For decades, technological advancements in ventricular assist devices (VADs) have allowed adult heart patients to live longer, healthier lives. This has not always been the case for children.
Vivian Dimas, M.D., director of interventional cardiology at Children's Health in Dallas and assistant professor at UT Southwestern, is determined to change that. She's working with VAD manufacturers to develop an FDA-approved device specifically for pediatric use. Her mission—to adopt widespread use of this device to improve the outcomes of pediatric congenital heart defect patients everywhere.
Children's Hospitals Today caught up with Dimas to discuss her mission. Here's an excerpt of that conversation.
What are the challenges you face in bridging the gap between the VAD technology available for adult and pediatric heart patients?
VADs were first created for adult cardiac support—typically of the left ventricle. Those VADs were much too large to place in children. As the adult technology improved, we started to extrapolate those devices down—taking adult size devices and figuring out how to make them work in children. But it's still really kind of like trying to fit a round peg into a square hole.
The money needed to develop that type of technology specifically for children is so great and the volume of patients who would be treated is so small that it has been very difficult to get companies to buy into that.
Of course, that's a challenge pediatrics faces for almost everything—our numbers just aren't as big so it's not feasible for the companies. When you're talking about such small numbers, just getting enough patients into a trial to demonstrate safety and feasibility becomes challenging.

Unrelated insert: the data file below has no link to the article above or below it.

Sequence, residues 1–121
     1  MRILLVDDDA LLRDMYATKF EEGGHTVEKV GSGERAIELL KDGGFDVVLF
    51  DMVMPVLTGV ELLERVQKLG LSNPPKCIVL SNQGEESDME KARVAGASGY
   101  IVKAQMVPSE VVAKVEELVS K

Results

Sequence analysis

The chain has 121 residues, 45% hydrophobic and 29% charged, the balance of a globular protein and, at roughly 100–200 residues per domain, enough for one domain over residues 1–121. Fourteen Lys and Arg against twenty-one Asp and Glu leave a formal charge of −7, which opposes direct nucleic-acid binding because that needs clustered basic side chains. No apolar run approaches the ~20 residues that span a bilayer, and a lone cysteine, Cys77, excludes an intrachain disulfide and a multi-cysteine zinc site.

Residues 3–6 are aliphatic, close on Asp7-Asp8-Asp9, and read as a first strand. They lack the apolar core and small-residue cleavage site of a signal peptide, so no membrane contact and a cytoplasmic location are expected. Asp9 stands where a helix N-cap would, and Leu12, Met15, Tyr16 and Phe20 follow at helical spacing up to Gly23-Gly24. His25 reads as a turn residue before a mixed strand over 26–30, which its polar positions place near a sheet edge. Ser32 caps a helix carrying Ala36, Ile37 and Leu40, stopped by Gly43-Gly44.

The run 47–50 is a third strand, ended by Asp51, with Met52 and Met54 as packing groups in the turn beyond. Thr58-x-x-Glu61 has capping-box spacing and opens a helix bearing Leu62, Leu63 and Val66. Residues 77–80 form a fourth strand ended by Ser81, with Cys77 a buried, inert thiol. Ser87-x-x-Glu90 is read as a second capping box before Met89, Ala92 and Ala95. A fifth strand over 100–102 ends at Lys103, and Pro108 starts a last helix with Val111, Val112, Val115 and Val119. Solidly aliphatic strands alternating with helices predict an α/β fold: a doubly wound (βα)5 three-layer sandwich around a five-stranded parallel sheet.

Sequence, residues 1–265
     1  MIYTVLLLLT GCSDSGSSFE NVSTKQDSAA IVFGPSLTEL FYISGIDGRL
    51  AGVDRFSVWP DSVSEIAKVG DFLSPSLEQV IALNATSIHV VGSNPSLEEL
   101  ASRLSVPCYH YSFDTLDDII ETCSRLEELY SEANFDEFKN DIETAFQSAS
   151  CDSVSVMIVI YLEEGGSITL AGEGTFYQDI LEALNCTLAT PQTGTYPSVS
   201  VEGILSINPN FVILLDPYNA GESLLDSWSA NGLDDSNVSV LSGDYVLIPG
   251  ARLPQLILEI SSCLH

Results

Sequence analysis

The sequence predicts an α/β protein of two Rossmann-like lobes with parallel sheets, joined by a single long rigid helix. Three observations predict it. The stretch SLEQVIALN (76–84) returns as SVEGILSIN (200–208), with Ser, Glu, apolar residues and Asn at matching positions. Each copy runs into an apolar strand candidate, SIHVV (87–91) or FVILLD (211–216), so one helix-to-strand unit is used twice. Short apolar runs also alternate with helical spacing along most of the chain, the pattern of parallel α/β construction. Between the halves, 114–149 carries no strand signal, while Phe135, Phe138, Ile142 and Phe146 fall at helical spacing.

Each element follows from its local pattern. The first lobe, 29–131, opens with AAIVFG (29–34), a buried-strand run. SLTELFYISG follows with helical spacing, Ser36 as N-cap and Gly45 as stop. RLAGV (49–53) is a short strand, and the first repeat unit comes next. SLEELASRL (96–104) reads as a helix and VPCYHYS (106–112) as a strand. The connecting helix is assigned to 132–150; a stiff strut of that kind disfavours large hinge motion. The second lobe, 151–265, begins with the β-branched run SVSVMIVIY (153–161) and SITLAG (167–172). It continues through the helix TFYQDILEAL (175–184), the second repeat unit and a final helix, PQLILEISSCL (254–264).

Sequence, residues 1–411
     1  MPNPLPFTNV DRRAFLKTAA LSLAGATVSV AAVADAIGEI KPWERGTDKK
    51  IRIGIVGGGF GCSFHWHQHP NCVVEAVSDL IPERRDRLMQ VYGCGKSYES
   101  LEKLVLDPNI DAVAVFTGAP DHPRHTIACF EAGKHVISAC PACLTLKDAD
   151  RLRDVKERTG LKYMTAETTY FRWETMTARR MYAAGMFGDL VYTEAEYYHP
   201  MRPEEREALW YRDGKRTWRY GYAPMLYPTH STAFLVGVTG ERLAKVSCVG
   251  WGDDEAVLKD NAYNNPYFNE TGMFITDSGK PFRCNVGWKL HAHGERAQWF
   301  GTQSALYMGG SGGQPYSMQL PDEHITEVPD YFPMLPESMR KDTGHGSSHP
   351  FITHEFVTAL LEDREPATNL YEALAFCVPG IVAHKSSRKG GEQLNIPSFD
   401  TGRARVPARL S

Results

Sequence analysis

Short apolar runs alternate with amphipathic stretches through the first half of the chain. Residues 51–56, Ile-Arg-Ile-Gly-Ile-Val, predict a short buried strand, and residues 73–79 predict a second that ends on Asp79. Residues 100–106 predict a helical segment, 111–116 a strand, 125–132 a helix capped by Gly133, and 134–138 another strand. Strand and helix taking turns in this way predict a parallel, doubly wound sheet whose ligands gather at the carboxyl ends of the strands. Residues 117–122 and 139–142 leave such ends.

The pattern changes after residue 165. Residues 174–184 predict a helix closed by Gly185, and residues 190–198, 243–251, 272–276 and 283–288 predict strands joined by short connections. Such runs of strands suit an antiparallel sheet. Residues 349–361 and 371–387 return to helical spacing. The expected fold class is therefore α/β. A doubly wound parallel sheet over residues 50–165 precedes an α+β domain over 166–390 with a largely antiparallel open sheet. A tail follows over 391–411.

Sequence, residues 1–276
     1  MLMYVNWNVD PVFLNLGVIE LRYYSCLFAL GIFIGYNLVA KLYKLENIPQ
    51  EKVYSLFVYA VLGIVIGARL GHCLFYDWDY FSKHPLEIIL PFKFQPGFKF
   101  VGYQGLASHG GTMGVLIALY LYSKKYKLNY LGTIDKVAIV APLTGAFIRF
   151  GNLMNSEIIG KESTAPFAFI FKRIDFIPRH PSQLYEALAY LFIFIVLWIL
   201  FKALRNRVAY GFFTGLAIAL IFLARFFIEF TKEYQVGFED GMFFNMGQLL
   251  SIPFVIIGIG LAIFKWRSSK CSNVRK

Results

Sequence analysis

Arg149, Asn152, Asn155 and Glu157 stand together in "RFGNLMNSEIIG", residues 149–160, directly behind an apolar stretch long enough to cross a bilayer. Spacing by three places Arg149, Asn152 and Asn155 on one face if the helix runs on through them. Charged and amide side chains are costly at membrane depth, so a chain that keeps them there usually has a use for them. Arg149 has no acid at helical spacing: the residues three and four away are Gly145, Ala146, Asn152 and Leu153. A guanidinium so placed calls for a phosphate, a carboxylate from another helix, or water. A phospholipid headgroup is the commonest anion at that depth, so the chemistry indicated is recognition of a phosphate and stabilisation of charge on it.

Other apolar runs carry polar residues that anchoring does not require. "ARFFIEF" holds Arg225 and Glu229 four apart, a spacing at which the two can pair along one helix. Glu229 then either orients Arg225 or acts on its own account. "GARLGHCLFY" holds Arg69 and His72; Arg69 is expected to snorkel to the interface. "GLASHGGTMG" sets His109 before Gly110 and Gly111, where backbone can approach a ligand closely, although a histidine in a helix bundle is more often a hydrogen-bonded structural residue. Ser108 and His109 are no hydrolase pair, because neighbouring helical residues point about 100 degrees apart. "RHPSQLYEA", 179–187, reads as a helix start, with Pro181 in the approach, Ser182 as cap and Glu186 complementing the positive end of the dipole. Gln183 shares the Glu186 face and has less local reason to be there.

You and your team have had success—particularly in developing percutaneous VADs—by resizing components from FDA-approved adult VADs for use with pediatric patients. Tell us more about how that approach has yielded results.
It's been a mission to try to figure out how to make that happen. It's one of those things where you start to do it, you gain experience and then you write about it. Then we go to different centers around the country to help them get a program started by telling them our experience—our techniques, pitfalls, things to look out for, patient selection and all that stuff.
It has taken off as people have had more success. The use of these percutaneous devices has increased significantly just based on putting that data out there and now it's a very accepted method of support for children. At the end of the day, that's the goal.
Of course, patients with congenital heart defects can pose an added layer of complexity to the successful implantation of a VAD. How does a cardiac care team adjust its approach for these specialized cases?
It's literally every single time. Every single time we have a congenital heart defect patient it's a multidisciplinary approach—let's sit down and look at it together. Maybe they've had their aorta operated on, so the angle is a little bit different, or maybe they had a hole in their heart and that patch makes the catheter go backwards. There are a lot of unusual anatomic configurations and then there's the flip side of access because these patients have often had multiple procedures and catheterizations. It's truly a multidisciplinary sit-down discussion every time one of these patients comes in.
It sometimes requires adjusting and improvising our approach. If we can put in this big catheter but it cuts off blood flow and we lose leg function, that's not a viable option. We want a survivor, but what we call an intact survivor—that means brain function, both legs intact, kidneys working and all of that. The goal is real survival—not just a number on a stat sheet. We want to send the kids home to their parents the way they brought them in, or as close to that as we can.
When you can save their child and they can go home and they're just the kid they brought in, it's hard to explain the emotions. But the look on the parent's face, it's the best feeling in the whole world.